Why FTC fears Time Warner's Turner deal

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The possibility of Tele-Communications Inc. taking control of Time Warner Inc. is the biggest fear the Federal Trade Commission has about the Time Warner acquisition of Turner Broadcasting System, according to John Malone, TCI's president-CEO.

Mr. Malone, speaking to Advertising Age on Wednesday in New York while at an analysts meeting, said TCI has told the FTC that it could eventually acquire up to 25% of Time Warner stock if the deal goes through. TCI currently owns 23% of TBS, which would translate into 9% of Time Warner stock.

"We're very supportive of Jerry [Levin, Time Warner chairman-CEO], but we need the flexibility in case plans Jerry has don't work out," Mr. Malone said. He said the FTC is concerned that TCI, along with other major Time Warner shareholders, such as Gordon Crawford, senior VP, Capital Research and Management, might get together to take over Time Warner.

Though TCI will not negotiate its ability to acquire more Time Warner shares, Mr. Malone said, he still believes the Time Warner/TBS deal has a "70% change of going through."

As to reports that the FTC would want Time Warner/TBS to divest itself of one or more programming networks, Mr. Malone said Mr. Levin would probably not agree to that. The FTC is concerned that the large concentration of cable programming networks and cable distribution created by the acquisition could provide the opportunity for abuse, Mr. Malone said.

"But that's like saying you can't do something because you may commit murder," he said. That is, there are laws already in place if Time Warner/TBS behaves illegally, the cable chief noted.

"The FTC doesn't like the deal, but it's not sure why," Mr. Malone said. Ever since the pact was penned, Mr. Malone noted, "I always said it wouldn't pass government scrutiny without some changes. So we were prepared for that."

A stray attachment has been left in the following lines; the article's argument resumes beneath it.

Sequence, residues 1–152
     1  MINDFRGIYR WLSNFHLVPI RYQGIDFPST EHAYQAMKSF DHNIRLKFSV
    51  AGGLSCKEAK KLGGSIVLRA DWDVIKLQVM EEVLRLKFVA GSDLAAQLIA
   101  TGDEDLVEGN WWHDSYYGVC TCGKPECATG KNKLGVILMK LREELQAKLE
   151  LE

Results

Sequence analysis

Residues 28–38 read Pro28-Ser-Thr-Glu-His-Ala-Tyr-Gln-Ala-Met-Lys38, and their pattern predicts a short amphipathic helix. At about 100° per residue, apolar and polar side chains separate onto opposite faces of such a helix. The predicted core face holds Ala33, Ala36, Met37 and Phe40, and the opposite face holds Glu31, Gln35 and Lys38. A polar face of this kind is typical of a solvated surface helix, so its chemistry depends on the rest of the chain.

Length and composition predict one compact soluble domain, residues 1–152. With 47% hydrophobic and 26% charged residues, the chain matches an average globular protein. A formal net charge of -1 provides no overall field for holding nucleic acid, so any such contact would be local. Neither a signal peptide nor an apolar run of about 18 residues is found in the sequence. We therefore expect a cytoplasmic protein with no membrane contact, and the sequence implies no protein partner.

It is also possible that the FTC will object to the favored nation status Time Warner has promised TCI with regard to rates TCI will pay for CNN, TNT and the other Time Warner/TBS networks, Mr. Malone said. But he said that was a deal that would be good for Time Warner as well, because it guarantees that TCI will carry the networks.

"If we have to take that out of the deal we would likely just negotiate the same terms after the deal closed," Mr. Malone said.

It has also been speculated that either the FTC or the Federal Trade Commission may object to TCI putting its 9% voting shares into a trust that would be controlled by Mr. Levin. If so, Mr. Malone noted, there is a clause build into the agreement that TCI would take its Time Warner ownership as non-voting common stock.

As the deal progresses, if Time Warner shareholders get cold feet, Mr. Malone said there is a provision that allows the Time Warner board to approve the purchase of TCI's TBS shares without shareholder approval.

The TCI chief said talks with the FTC should continue until June 12, at which time he expects the FTC should make a ruling on the deal. That is also the date a Delaware Court is expected to rule on the Time Warner/U S West lawsuit. Mr. Malone, who is also close to U S West, said chances are "nine to one" that Time Warner will win the suit.

Copyright May 1996 Crain Communications Inc.

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